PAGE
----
It would put pressure on onshore windfarm operators to make their wind energy so cheap that it would not require a subsidy. Bus companies would be asked to invest in hydrogen-powered buses, and motorists expected to shift to electric cars.
Renewables industry sources say hitting that much higher target could be slower and harder than Wheelhouse admitted because the Scottish government is expected to miss its target of supplying 100 percent of Scotland’s domestic electricity needs from this source by 2020.
Industry analysts believe 87 percent will be renewable by 2020, in part because offshore wind power projects have been slower than expected. Wheelhouse pointed out, however, that the cost of offshore wind had fallen faster than expected, by 32 percent since 2012.
The draft energy strategy, released for public consultation on Tuesday, failed to deal with substantial questions about the costs of meeting the new target, sidestepped Scotland’s continuing use of nuclear energy and also the exact mix and quantity of green energy schemes now needed by 2030.
The paper also again sidestepped a decision on the future of fracking of Scotland’s large shale oil and gas reserves, with ministers are at odds over allowing it or banning it on climate and environmental grounds.
Environmentalists, opposition parties and SNP activists are putting the Scottish government under heavy pressure to convert an existing moratorium on fracking into a permanent ban.
Wheelhouse said ministers were taking an “evidence-based and measured approach” and would soon launch a new public consultation on whether to allow fracking.
And despite standing for election on strong anti-nuclear platforms, Scottish ministers have admitted they are content to see the life of Scotland’s two nuclear power stations at Hunterston and Torness to be extended further, beyond their current contracts that run until 2023 and 2030 respectively.
Nuclear power provided 35 percent of Scotland’s electricity in 2015. EDF, the French-owned utility that operates the two stations, is building up a technical case to win support from the UK’s nuclear regulator to extend both stations’ operating lives by several years each.
That strategy is supported by Scottish ministers. Wheelhouse’s energy paper had very little detail on what power sources would provide the remaining 50 percent of Scotland’s energy needs but it said “thermal energy” – power provided by conventional nuclear or gas-fired stations – would be a significant part of that.
While all opposition parties welcomed Wheelhouse’s overall 50 percent target, they were immensely critical about the lack of detail in the paper, particularly on the costs and funding of the strategy.
Jackie Baillie, Scottish Labour’s energy spokeswoman, said the SNP often set targets it failed to meet. “Scotland has previously been required to import energy from elsewhere in the UK, particularly baseload power from England,” she said. “Yet the SNP’s energy strategy provides little detail about how to keep the lights on.”
Mark Ruskell, a Scottish Green party MSP, said it remained unclear how the target for 80 percent of homes to use low-carbon heat by 2032 would be delivered, since the 2025 target was just 18 percent and current funding levels were inadequate.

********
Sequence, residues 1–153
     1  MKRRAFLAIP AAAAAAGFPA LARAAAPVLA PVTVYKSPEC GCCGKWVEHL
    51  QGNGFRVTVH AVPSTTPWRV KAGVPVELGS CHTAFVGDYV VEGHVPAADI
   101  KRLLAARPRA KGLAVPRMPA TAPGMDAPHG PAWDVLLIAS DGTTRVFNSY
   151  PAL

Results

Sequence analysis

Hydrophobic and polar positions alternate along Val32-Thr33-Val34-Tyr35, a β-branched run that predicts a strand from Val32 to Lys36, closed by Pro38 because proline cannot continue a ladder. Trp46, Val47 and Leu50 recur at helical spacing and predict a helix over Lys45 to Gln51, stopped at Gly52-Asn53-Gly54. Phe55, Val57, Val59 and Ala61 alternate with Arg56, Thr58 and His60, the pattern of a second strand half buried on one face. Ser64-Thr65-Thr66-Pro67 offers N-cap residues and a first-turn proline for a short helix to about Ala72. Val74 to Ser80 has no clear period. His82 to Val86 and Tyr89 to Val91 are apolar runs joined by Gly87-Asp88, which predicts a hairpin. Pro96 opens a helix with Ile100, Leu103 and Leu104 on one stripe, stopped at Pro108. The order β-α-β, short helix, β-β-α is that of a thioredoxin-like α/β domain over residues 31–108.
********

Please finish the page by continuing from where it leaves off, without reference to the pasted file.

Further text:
“Warming our homes affordably and with low-carbon power is a priority but the Scottish government’s targets don’t make sense,” he said. “There’s too much trust in a technological miracle in the future and not enough action on fuel poverty today.”
Gina Hanrahan, the climate and energy policy officer at environmental group WWF Scotland, said the strategy “fails to put enough meat on the bones of the commitment to transform the energy efficiency of existing homes”. She added: “With 1.5m cold homes in Scotland, these proposals are too slow and underfunded.”
Argentina has declared 2017 as the ‘Renewable Energy Year’ as the South American country looks to increase awareness about the advantages of renewable energy and the important of sustainability.
A decree issued by the government calls for energy diversification through the use of renewable energy sources in the electricity generation as well as thermal energy sector. The decree states the country’s target of having a 20% share of renewable energy in electricity consumption by 2025.
The decree is in-line with Argentina’s adoption of the Paris climate change agreement which calls for comprehensive global efforts to reduce greenhouse gas emissions. The government is expected to push the use of renewable energy technology this year.
The government has set a target to increase the share of renewable energy to 20% in the energy mix by 2025. Another target called for 8% renewable energy share in electricity consumption by 2017. As a result, several renewable energy auctions are expected to take place in the country over the next few years. The government is expected to auction 10 gigawatts of renewable energy capacity by 2025.
In October of last year, the government allocated 1.1 gigawatts of renewable energy projects through a competitive auction. This included 400 megawatts of solar power capacity, and wind energy, bioenergy, and small hydro power projects were also allocated. The auction attracted bids for 6,366 megawatts of capacity.
An additional 516 megawatts of solar PV capacity was allocated in another auction in November 2016.